Less can be more, thanks to nanotechnology
New technological solutions for sustainable development, climate change and materials sufficiency can be found in natural sciences.
Nanotechnology has been a determining factor in the career of Jarkko J. Saarinen, Professor of Materials Chemistry and Technology.
“My research career started with a focus on light and nanostructures for photonics, and later expanded to paper and materials technology. In my current professorship, I’m able to make use of all my expertise”, Saarinen says.
Earlier, Saarinen worked as Associate Professor of Materials Chemistry at the University of Eastern Finland, and before that, as a researcher at Åbo Akademi University, focusing on paper-based products and nanoparticle coatings. Saarinen has two doctorates: one from the University of Joensuu in 2002, and the other from Åbo Akademi University in 2020, which he completed alongside working there.
“Thanks to nanotechnology and the circular economy, it is possible to create well-being with considerably smaller material flows than before.”
According to Saarinen, sustainable materials play an important role in the university’s new Master’s degree programme in technology. The programme will combine synthetic and natural materials and improve, among other things, the circular economy of plastics.
“My own research focuses on light-driven catalysis, or photocatalysis. For example, the hydrogen economy is developing rapidly, and novel structures will help to make better use of sunlight in energy production. We have just launched a new, Academy of Finland funded research project into photocatalysis.”
Language skills are important to a natural scientist, too
Ever since high school, Saarinen had been fascinated by the idea of living in Canada. His dream came true in the early 2000s, when we worked as a post doc researcher in Toronto.
“Toronto was a nice and welcoming place, and I quickly made new friends both from my research group and my hobby circles. A major benefit of my years in Toronto was becoming very fluent in English. Nowadays, for example, the majority of our advanced courses are taught in English, since we have a lot of international students. In addition, for a hockey enthusiast like myself, Toronto was a great city,” Saarinen says.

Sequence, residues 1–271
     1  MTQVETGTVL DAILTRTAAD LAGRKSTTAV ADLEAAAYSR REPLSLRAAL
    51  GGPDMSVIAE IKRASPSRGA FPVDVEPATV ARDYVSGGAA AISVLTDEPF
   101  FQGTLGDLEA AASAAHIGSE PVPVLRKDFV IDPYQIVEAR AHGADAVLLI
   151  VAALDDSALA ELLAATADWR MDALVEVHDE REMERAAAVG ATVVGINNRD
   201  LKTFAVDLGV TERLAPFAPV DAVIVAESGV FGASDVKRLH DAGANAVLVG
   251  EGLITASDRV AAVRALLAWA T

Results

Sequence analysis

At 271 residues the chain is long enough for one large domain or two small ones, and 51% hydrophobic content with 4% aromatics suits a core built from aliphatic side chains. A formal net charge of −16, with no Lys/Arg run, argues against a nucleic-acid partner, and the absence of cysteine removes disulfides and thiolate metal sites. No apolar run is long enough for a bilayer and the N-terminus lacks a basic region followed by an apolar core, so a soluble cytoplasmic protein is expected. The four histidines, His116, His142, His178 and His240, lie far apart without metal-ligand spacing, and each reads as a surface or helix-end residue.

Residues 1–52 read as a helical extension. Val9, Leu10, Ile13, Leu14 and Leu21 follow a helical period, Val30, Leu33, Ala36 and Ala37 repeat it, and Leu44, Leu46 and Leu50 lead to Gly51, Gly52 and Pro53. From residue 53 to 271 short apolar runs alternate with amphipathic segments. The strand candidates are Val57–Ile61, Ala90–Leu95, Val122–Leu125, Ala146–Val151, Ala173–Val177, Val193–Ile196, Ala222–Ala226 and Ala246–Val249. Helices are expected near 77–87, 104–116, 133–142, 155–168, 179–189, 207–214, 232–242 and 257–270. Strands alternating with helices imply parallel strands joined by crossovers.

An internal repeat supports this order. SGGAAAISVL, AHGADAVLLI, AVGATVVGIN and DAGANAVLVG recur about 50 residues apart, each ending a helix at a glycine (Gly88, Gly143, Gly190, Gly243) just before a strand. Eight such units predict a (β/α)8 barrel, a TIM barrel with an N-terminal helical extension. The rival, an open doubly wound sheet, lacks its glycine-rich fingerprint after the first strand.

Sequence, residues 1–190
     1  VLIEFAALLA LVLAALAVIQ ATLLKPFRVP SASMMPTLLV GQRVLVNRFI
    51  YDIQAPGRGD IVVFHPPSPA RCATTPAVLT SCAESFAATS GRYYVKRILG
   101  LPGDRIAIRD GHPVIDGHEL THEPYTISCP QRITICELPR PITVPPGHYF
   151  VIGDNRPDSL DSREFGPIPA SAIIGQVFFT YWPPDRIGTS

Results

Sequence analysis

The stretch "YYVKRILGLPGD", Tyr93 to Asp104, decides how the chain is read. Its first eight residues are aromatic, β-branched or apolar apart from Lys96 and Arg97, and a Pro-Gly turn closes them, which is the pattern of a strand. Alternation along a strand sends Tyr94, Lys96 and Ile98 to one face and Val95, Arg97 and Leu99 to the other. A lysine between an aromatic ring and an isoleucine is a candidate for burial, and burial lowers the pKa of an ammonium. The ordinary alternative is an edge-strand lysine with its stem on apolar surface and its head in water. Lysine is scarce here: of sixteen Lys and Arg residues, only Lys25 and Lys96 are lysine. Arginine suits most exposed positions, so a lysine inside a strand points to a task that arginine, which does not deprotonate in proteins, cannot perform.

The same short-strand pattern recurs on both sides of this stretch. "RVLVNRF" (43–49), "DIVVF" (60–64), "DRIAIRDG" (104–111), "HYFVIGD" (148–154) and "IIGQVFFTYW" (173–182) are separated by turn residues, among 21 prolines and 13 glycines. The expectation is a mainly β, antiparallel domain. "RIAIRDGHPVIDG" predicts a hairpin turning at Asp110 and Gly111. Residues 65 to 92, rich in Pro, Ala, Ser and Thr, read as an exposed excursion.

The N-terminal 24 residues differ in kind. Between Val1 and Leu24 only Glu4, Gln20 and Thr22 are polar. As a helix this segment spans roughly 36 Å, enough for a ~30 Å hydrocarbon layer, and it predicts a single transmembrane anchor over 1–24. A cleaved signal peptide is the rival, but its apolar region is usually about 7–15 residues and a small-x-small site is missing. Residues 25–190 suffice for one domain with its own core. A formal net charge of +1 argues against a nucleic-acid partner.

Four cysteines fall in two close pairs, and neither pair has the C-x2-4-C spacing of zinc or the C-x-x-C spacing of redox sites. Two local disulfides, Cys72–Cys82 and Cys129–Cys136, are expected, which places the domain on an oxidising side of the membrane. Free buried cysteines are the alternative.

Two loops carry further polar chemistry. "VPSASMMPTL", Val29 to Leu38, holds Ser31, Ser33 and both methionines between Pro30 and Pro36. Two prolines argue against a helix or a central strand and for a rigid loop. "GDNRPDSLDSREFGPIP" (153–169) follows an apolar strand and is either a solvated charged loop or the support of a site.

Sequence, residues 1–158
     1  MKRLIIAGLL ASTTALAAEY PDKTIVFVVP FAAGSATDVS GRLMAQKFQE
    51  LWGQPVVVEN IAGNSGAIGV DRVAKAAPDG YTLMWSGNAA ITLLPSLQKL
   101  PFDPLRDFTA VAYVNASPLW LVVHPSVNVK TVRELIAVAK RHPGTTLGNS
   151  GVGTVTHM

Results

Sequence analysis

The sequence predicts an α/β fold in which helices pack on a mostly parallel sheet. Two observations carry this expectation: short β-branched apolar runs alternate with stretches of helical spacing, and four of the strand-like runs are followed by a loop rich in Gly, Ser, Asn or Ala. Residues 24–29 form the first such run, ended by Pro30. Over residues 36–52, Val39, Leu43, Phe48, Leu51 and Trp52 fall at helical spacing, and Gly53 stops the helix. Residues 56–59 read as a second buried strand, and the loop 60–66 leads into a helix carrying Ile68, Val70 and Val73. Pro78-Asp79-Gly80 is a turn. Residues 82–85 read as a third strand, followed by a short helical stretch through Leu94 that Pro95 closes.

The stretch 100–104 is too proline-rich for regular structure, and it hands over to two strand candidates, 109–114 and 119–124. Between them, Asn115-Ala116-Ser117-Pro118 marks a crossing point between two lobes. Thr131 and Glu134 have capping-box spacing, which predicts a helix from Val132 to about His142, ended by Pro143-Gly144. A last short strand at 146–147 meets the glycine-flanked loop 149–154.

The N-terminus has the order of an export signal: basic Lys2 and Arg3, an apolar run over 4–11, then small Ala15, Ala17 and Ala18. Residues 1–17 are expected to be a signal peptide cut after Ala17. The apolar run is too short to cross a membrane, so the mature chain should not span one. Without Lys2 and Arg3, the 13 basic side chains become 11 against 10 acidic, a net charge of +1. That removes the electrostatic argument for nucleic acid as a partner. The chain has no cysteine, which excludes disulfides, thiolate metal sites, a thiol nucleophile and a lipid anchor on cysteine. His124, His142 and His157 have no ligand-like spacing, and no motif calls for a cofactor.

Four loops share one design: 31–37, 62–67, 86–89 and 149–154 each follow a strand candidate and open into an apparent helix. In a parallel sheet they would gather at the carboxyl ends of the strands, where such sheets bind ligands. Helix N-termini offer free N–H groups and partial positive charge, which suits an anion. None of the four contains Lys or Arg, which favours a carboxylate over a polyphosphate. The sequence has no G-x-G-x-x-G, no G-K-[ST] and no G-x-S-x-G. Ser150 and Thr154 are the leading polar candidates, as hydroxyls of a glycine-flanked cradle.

“Working as a post doc researcher is a great time in one’s career, because it is possible to focus on doing research full-time.”
After Toronto, Saarinen started working as a researcher at UPM, as the company was launching new research into nanotechnology.
“When I started at UPM, I had no experience in the paper industry. However, I know from my doctoral thesis that I’m able to grasp new things quickly. Basically, you learn what you do.”
After UPM, Saarinen spent ten years at Åbo Akademi University in Turku.
“Growing up in Lappeenranta, eastern Finland, I never thought that I’d have any need for skills in Swedish. However, my years at Åbo Akademi University proved me wrong. Language skills play an important role in the life of a natural scientist, too,” Saarinen says.
Saarinen spent the winter 2011–2012 as a visiting researcher at Hokkai-Gakuen University in Sapporo, Japan. The country made a great impression on him.
“I have visited Japan more than 10 times over the years. The country has an old, distinguished culture. Life is easy there when everything is functional, clean, polite and safe. You can leave Japan, but Japan never leaves you,” he says, laughing.
On his free time, Saarinen likes to watch sports, and he also reads and does exercise. Besides hockey, he’s keen on American football.
Saarinen has a clear message to those thinking about their future studies: natural sciences is a good choice, since there is a growing demand for experts in the field.
“Natural sciences has nano-scale understanding of how things work. By combining nanotechnology with the circular economy, we can find solutions for a sustainable future,” he believes.
For further information, please contact:
Jarkko J. Saarinen, firstname.lastname@example.org, tel. +358 50 442 2596
Jarkko J. Saarinen, Professor of Materials Chemistry and Technology, 1 January 2022–
Doctor of Science, Åbo Akademi University, 2020
PhD, University of Joensuu, 2002
Associate Professor, Materials Chemistry, University of Eastern Finland, 2018–2021
Senior Researcher, Paper Technology, Åbo Akademi University, 2008–2017
Visiting Researcher, Paper Optics, Hokkai-Gakuen University, Sapporo, Japan, 2011–2012
Nanotechnology Researcher, UPM Research Centre, 2006–2008
Postdoctoral Researcher, Photonics, University of Toronto, Canada, 2003–2006
Researcher, Nanoparticle Dispersion Theory, University of Joensuu, 2000–2003
Title of Docent in Nanotechnology, Åbo Akademi University, 2016–
Title of Docent in Nano-Optics, LUT University, 2005–